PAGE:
Aditya Arya

Aditya Arya Museo Camera

Museo Camera is a modern museum that celebrates both the art and science of photography. It is a space that will have on display antique cameras from over 100 countries, photographic equipment down the ages, historical archives, the works of legends as well as cutting edge contemporary lens based art. It is a a centre where the young and old, amateurs and aficionados, visitors and tourists will have the rare opportunity to learn and experience the magic of photography, and through it, to explore the arts, ideas and issues of our time.

Museo Camera is the result of the coming together of two major government bodies and The India Photo Archive Foundation [IPAF]. Together they seek to make Museo Camera a symbol of excellence and emerge as a place for learning. ‘Above all, the intent is to create a self sustaining model to further the aims and objectives of Museo Camera,’ says Aditya Arya, the man behind the fabulous initiative and a celebrated photographer. We connected with him to know more about the project and how challenging it was to raise funds.  

Let’s go back in time—when did your romance with photography begin?
It’s been my great love for almost 40 years now—the art of photography. The science of image-making. The endless possibilities that technological changes have brought [and taken away from] us. Many from my generation who started off as diehard analogue buffs have had a long and exciting journey traversing from silver grains to storage devices, film rolls to memory cards, and formats measured in millimetres to images described in megapixels.

But along the way, I also started exploring the world of photography beyond and before us…through the iconic photo archive of the eminent Kulwant Roy, which took me into the world of archiving and digitisation, not to mention, the history of the photographic image. Today, I also have a personal collection of 1500 antique cameras and other allied gadgets dating back to the 1860s, collected from over 100 countries.

It has been my dream that all this, and much more, should come together as a museum and centre for the photographic arts. Right here, in India, in the National Capital Region. And believe it or not, it really is happening.

“I belong to the analog times and having tested the bits and bytes of the digital world. I am always pining to get back to the silver grains of the analog times.”

How did the concept of setting up space to house the history of photography come about?
I belong to the analog times and having tested the bits and bytes of the digital world. I am always pining to get back to the silver grains of the analog times.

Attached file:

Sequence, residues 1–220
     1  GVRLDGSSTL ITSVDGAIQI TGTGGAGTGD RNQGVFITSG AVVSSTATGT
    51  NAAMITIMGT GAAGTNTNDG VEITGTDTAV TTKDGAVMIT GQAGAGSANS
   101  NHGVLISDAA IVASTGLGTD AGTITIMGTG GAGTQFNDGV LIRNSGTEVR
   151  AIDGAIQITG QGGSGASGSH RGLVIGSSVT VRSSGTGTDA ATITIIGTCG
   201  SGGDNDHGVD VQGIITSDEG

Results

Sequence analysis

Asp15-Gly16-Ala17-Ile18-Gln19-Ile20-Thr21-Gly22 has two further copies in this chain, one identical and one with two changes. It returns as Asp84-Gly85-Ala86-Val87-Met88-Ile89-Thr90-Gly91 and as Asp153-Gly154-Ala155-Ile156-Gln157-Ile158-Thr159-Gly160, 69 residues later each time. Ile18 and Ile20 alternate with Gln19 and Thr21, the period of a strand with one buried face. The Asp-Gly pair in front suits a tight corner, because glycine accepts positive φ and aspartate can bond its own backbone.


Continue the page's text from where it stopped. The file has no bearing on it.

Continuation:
My generation is witness to the transitory journey from the analog to the digital and is a bridge connecting the two. Being at such a critical juncture and having seen and experienced such technological change, I feel it is my responsibility to pass on some of those experiences to the born digital generations that have missed out on the beauty of the analog times.  

Photography in the analog times was all about pre-visualisation and it was pre-meditated. Today’s millennial generation is in a great hurry and they are supported and assisted by the technology of the times. Today’s technology depends a lot on the delete button. Analog photography does not allow the creator to revert and make a change but with the digital era, people can go back to editing, redoing and touching up images.

Tell us about the museum—what all does it have space for?
Museo Camera has been created on the principle of creating shared knowledge. Hence, through workshops and courses, it will teach the history of photographic processes and their evolution, and will enhance that learning with practical sessions on basics of the Cyanotype, Albumen, Salt printing process and Wet Plate Photography. Teaching will be aimed at various levels of participants – beginners, enthusiasts, professional archivists, etc – and include teaching printing on hand-coated paper, making Glass Plate Negatives using 100 year old antique cameras, mixing light-sensitive chemistry, as well as how to sensitize, expose, and process the photographic image. 

“Today’s millennial generation is in a great hurry and they are supported and assisted by the technology of the times. Today’s technology depends a lot on the delete button.”

What are the different activities that have been planned at the museum?
Museo Camera will be a place of confluence – where fun, learning, teaching, research discovery, all come together. Through exhibitions, school and college workshops and public programs, it will fulfill its primary mission of teaching and educating the young and the old in the science and technology, the art and aesthetics of the photographic image.

How challenging has it been to raise funds?
In our country people donate very liberally to temple and other religious institutions, but unfortunately the idea of creating a cultural place doesn’t sell too easily.

But I don’t believe in giving up easily. I am reaching out to individuals and corporate, inviting them to contribute in creating this fabulous museum and leave a legacy behind.

Text Hansika Lohani Mehtani